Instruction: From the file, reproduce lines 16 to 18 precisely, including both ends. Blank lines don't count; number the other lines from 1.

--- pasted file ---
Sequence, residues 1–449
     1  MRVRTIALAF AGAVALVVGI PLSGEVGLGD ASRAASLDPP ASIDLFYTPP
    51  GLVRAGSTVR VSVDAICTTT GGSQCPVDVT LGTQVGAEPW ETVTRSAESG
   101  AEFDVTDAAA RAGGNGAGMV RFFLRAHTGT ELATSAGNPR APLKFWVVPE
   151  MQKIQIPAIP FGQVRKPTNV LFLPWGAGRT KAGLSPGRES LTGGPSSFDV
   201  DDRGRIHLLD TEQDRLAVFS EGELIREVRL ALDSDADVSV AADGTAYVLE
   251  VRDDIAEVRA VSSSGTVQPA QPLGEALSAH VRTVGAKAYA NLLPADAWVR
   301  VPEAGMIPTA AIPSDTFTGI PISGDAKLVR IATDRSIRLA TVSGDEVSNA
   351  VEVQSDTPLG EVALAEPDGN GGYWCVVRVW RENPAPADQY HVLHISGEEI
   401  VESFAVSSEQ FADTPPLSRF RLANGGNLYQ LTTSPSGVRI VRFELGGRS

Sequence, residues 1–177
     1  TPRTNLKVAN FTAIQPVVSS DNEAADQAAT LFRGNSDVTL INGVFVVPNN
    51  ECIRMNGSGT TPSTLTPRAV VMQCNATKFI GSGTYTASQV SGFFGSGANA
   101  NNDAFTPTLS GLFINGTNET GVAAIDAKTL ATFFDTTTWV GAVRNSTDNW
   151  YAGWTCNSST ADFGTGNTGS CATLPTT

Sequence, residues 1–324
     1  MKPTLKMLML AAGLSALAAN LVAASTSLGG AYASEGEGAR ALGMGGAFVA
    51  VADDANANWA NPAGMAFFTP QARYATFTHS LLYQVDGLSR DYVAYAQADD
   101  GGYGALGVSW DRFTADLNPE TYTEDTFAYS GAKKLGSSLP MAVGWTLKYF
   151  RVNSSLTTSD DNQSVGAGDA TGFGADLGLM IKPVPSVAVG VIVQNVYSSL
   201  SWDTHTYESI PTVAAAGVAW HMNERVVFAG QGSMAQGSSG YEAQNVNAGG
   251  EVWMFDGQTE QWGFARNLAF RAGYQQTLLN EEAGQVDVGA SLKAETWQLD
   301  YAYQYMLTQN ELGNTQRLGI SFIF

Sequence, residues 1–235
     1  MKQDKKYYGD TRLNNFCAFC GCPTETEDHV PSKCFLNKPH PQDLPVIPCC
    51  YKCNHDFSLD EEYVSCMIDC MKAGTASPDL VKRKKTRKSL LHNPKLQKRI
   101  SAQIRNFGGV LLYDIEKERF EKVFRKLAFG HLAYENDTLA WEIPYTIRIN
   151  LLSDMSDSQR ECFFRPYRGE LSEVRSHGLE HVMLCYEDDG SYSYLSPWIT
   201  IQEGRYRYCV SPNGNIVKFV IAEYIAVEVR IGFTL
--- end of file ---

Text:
Sequence, residues 1–324
     1  MKPTLKMLML AAGLSALAAN LVAASTSLGG AYASEGEGAR ALGMGGAFVA
    51  VADDANANWA NPAGMAFFTP QARYATFTHS LLYQVDGLSR DYVAYAQADD